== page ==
France’s strategic interests in the Pacific are anything but ephemeral. Hence, Paris keeps boosting its geopolitical projection in that region, as witnessed by its efforts to strengthen further an already sound strategic partnership with Australia. Nonetheless, at least in its current shape, the French military presence in the maritime domain stretching from the Strait of Malacca to the Southern Pacific could be questioned next year, as a new leadership will take the reins at home amid political and economic uncertainties. At any rate, if that proves to be the case, Paris can count on the Chinese lifeline, no matter how contradictory it may be.
The French-Aussie cooperation
On December 7, France signed with Australia an agreement to share classified information. The treaty aims to underpin Canberra’s Future Submarine Program and, in particular, includes provisions for contractors involved with it.
In April, France’s state-owned shipbuilder DCNS won a multi-billion contract for the design and construction of 12 Shortfin Barracuda submarines, which will be part of the Royal Australian Navy’s next generation fleet.
The information-sharing deal between the two countries is probably thought to prevent the disclosure of submarines’ sensitive details. It is worth noting that Paris was forced into an embarrassing position last August, when The Australian revealed the leak of secret data about the combat capabilities of Scorpene-class vessels that DCNS was building for the Indian navy.
To a large extent, the recent arrangement takes the French-Australian security cooperation to new heights, at a time when Canberra views Paris’ commitment to the Pacific as a source of stability, notably for the French contribution to maritime surveillance in the area.
France is a Pacific actor. The overseas dependencies of New Caledonia, French Polynesia and Wallis and Futuna make it the country with the world’s largest Exclusive Economic Zone (EEZ) after the United States; 7 million square kilometers of its EEZ – out of a total of 11 million worldwide – are indeed located in the Pacific Ocean. 500,000 French citizens live in these territories, and 130,000 French expatriates reside in Asian-Pacific countries.
Paris has a considerable military force in the southern Pacific. 2,800 troops are stationed between New Caledonia and French Polynesia. After sending a further naval vessel to New Caledonia in July, now the French Pacific fleet maintains 4 patrol vessels, 2 surveillance frigates, 2 multi-mission ships, 5 maritime surveillance aircraft, besides some tactical transport aircrafts and helicopters. This defense apparatus is largely devoted to protecting French citizens and territories and employed in surveillance missions and EEZ protection.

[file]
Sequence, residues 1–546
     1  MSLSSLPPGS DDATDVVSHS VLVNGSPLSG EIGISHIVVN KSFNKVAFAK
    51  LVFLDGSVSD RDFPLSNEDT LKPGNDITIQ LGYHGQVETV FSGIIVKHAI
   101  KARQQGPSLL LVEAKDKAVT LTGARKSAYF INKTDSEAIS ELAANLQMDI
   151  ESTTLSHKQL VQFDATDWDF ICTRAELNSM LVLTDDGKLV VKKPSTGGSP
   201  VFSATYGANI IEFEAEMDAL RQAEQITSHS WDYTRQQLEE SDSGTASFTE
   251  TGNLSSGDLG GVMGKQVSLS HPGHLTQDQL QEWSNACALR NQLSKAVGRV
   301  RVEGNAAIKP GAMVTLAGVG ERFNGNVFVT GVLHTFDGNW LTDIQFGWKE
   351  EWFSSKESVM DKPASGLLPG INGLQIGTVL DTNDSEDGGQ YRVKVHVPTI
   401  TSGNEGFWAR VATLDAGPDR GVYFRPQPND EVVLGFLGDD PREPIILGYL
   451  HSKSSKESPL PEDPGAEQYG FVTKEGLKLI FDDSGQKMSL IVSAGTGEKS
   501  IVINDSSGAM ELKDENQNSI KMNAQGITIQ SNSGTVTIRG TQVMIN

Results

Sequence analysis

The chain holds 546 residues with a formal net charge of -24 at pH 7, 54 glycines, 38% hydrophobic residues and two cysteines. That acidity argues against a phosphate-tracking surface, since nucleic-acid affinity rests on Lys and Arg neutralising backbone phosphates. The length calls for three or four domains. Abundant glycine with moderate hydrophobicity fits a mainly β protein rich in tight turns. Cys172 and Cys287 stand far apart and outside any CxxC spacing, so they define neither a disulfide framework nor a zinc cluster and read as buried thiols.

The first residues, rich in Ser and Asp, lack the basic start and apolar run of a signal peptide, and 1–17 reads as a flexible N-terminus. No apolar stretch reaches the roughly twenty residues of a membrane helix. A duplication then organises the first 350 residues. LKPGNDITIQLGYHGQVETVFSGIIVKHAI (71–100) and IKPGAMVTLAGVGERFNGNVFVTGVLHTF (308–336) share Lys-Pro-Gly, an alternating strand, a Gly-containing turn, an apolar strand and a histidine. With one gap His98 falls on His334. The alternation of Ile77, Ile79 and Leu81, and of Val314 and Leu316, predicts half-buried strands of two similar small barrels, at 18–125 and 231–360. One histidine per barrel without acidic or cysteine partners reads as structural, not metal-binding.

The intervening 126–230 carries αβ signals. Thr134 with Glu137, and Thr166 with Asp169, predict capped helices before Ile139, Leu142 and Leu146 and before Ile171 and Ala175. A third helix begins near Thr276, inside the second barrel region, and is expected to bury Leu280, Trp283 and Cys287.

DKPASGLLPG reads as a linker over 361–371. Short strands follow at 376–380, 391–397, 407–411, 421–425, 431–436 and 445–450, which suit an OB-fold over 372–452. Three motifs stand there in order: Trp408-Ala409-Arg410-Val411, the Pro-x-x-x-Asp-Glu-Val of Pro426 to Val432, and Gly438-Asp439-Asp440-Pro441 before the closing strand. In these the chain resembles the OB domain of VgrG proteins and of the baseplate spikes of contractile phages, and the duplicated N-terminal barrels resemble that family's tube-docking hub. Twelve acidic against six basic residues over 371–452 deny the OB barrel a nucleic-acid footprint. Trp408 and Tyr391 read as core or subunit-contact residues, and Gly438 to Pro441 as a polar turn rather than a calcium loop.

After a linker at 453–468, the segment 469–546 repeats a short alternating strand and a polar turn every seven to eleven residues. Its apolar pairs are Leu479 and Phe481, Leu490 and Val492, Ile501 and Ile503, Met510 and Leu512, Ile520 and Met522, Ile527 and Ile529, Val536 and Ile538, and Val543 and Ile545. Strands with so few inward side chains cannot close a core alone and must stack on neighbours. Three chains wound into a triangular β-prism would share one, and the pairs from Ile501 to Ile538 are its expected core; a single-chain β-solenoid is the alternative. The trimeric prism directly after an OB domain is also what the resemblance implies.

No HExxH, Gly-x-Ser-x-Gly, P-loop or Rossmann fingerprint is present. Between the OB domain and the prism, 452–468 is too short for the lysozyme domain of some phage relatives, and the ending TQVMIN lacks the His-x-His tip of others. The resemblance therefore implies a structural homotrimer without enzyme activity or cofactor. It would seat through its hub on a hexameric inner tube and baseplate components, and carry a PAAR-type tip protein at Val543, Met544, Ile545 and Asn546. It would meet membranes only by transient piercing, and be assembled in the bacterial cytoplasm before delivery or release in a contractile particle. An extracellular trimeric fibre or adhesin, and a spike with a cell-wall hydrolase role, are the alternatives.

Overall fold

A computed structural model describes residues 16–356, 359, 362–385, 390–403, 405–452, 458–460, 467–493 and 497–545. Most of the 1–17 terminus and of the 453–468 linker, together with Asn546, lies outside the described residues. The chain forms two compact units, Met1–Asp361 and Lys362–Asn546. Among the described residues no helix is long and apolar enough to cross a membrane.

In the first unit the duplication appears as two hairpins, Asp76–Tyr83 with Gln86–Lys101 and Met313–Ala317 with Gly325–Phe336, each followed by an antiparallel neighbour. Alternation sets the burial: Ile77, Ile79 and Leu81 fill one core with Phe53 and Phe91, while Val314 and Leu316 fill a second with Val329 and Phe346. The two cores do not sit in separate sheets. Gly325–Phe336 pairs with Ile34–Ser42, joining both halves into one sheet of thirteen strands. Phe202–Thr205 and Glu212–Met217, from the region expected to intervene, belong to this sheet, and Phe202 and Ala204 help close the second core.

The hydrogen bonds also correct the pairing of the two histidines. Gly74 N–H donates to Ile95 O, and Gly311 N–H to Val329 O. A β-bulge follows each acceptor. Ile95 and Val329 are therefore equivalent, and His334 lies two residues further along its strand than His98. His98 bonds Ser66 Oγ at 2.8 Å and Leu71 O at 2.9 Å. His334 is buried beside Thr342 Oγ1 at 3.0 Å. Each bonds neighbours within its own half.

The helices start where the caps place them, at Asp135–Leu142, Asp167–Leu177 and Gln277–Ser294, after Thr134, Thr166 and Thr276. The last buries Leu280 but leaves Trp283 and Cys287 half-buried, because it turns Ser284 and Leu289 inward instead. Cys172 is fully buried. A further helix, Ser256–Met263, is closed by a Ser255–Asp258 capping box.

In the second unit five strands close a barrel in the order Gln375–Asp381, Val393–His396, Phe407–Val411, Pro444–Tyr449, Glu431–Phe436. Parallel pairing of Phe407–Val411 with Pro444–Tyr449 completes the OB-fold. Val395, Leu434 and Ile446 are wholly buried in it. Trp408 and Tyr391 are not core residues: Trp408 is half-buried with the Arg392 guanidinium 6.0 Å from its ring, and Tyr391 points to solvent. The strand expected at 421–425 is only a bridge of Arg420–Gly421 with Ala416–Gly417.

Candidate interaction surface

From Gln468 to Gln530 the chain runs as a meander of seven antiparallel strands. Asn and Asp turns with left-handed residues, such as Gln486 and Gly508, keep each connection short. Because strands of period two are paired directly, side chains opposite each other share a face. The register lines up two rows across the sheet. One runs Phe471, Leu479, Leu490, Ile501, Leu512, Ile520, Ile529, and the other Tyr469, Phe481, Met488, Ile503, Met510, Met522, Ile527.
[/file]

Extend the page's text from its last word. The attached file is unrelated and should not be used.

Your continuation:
France is the one European Union (EU) nation with a Pacific-wide military potential. For example, its navy ships routinely sail through the South China Sea. In this respect, last summer, Paris stressed that it would be ready to lead EU’s South China Sea patrols to bolster freedom of navigation in the region – a proposal that has so far had no follow-up within the European bloc. Freedom of navigation and peaceful resolution of territorial disputes in the area were both reiterated by French President Francois Hollande during a visit to Vietnam in September.
Possible disengagement and arm sales
On a trip to New Caledonia in 2014, Hollande pointed out that his country would remain a Pacific power in the years to come. The process of decolonization still underway in South Pacific will test this assertion, with New Caledonia – one of the world’s largest producers of nickel metal – that is expected to hold a referendum on self-determination in 2018.
More importantly, as France’s economy is still in a mess, it is to see whether Paris will raise the funds needed to advance a proactive Pacific policy down the line. In the country’s 2107 presidential campaign, the prospective allocation of limited fiscal resources for military operations halfway around the world could be a hot topic.
In case of strategic disengagement in the Pacific, France holds a trump card to secure some sort of regional footprint there – arm sales. Paris is the world’s fourth-largest armaments exporter, and Asia-Pacific accounts for a relevant proportion of French sales in this sector; in the 2010-2015 period, in fact, France sold to Asian-Pacific nations US$2.1 billion in defence equipment, which amounts to 24 percent of its total weapon sales, according to data from the French defense procurement office (DGA) and the Stockholm International Peace Research Institute (SIPRI).
Paradoxically, China was Paris’ best client in this stint, buying French arms worth US$1.2 billion. Like other European countries, France manages to find loopholes in the EU arms embargo on Beijing, which Brussels imposed in the aftermath of the crackdown of Tiananmen Square protests in 1989, and systematically provides the Chinese dragon with dual-use items and sub-systems.
Thus, one way or the other, French arms will continue to circulate across the Pacific; they will be definitely wielded by Chinese soldiers and, perhaps, by French troops as well.